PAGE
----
The early design of the solution that ATEK devised for Donaldson, which is called WaveLength, used pressure sensors that fit inside existing mounts for manual sensors in the manifolds leading into and out of the filter, so that pressure differences can be accurately tracked. But the production model "utilizes a differential pressure (DP) transducer," explains David Anderson, an ATEK program manager, in an email. "The pressure that is measured and read by the Wavelength unit is the difference between the high and low side pressures. For a filter application, the DP represents the amount of 'effort' the system has to push the fuel through the filter system. The higher the pressure reading, the more restriction exists, and [this] is indicative of the amount of dirt the filter has removed."

The DP is hardwired to a microcontroller attached to a cellular radio inside a ruggedized box mounted to the tank. The unit is powered by a battery.

Because there is no set schedule by which Donaldson's customers fuel their vehicles, WaveLength had to be designed to monitor the fueling system throughout the day, in order to determine when it should begin recording data. Every five minutes, the controller awakens the sensors and takes a pressure reading. If a system detects a rise in pressure, this indicates that fueling is taking place, and the sensors continue to monitor pressure levels until fueling is complete.

The data is sent via ATEK's cloud-based server, and is forwarded to Donaldson's customers via a web-based or mobile interface. Managers can set up email or text message alerts as soon as the pressure drops below a set threshold, indicating that the filters are beginning to clog and reduce flow rate significantly. They can then call personnel at the fueling site and ask them to replace the filters—even it is 3 AM and the managers are not on the job site.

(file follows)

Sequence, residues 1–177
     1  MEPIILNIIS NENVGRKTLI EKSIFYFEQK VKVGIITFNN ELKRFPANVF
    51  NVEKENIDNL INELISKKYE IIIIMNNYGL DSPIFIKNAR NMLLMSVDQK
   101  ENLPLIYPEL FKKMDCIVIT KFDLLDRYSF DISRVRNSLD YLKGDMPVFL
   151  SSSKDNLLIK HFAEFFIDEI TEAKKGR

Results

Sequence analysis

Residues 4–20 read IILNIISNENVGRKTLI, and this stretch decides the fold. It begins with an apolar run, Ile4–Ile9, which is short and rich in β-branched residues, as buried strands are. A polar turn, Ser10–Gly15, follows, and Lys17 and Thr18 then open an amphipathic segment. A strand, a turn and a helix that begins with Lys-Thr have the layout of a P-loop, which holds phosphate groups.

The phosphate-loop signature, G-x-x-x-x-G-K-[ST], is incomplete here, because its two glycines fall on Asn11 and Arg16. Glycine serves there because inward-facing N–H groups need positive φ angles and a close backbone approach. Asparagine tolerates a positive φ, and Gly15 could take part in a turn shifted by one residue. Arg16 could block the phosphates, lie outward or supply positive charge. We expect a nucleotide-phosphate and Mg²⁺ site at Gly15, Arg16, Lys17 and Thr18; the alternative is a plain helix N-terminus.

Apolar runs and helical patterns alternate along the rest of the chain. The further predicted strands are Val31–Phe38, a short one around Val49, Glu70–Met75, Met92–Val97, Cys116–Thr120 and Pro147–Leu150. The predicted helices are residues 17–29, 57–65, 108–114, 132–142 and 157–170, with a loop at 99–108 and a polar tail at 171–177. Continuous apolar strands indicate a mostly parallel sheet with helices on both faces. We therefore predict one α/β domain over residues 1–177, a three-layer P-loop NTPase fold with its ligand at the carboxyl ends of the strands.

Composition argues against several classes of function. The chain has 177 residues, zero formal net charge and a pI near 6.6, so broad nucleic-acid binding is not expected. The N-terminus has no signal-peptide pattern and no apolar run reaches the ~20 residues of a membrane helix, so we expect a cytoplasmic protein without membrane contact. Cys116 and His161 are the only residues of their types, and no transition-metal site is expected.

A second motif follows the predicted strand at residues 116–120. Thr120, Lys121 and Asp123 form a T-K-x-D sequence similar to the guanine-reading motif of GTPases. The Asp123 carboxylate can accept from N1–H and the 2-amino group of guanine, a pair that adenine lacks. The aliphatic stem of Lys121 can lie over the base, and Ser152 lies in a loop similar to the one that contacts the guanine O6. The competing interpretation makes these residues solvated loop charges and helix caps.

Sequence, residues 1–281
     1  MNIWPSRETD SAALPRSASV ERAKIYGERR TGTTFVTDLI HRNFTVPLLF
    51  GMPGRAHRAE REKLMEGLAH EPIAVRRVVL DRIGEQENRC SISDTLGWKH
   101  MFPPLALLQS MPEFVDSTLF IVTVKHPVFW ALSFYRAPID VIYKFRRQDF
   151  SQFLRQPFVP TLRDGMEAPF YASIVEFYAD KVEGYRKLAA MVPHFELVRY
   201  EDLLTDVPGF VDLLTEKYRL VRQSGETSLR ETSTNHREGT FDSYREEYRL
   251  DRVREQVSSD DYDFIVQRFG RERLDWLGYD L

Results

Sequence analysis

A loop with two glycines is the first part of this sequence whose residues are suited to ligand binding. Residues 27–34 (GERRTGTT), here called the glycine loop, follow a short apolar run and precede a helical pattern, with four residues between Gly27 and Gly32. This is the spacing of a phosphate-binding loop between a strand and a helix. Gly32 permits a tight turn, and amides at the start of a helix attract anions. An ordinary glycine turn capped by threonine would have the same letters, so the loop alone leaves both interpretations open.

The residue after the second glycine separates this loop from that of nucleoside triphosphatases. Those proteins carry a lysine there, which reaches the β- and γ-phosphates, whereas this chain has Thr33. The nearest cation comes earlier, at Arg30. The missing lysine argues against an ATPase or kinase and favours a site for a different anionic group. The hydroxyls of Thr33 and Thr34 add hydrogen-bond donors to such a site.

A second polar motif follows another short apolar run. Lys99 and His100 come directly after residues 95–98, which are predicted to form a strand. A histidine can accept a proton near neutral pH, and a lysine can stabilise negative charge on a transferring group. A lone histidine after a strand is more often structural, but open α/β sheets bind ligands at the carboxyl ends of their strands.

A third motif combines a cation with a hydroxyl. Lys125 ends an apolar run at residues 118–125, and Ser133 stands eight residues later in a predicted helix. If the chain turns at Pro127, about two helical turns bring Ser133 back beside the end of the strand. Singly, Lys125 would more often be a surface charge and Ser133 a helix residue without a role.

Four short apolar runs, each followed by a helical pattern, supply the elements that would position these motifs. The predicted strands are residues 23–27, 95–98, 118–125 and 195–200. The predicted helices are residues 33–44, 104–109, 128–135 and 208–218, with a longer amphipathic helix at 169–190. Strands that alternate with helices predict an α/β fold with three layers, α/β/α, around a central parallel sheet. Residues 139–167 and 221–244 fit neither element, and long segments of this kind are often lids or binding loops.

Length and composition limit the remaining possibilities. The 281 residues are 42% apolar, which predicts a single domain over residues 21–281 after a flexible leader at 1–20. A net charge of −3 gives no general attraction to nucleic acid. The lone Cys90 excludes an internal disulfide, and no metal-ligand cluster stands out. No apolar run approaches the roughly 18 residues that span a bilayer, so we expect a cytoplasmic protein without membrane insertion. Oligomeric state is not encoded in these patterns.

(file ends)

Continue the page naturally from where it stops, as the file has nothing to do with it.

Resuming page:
Thus far, Grossbauer says, WaveLength is being used at a couple dozen customer locations across the United States, both as permanent deployments and, in some cases, as beta tests. Donaldson formerly announced WaveLength's availability late last month at the MINExpo show, held in Las Vegas.

Customers pay a single fee for the WaveLength hardware, as well as a year of cellular data service and a subscription to the WaveLength web- and mobile-based application. In subsequent years, the customers will pay only the subscription and cellular fees, which will be roughly one third of the first year's costs. (Grossbauer declines to provide the specific price, noting that it varies based on quantity.)

The product and service "[are] an opportunity for us to have different conversations with our customers," Grossbauer states. "We're usually talking about filter media with them—but this is about using information to drive efficiencies in their biz. Mining, just like oil and gas, is in a downturn right now, and so [the value proposition] is about how they can invest in technology to save costs. That's our message and it's being well received. It gives us a differentiation in the marketplace."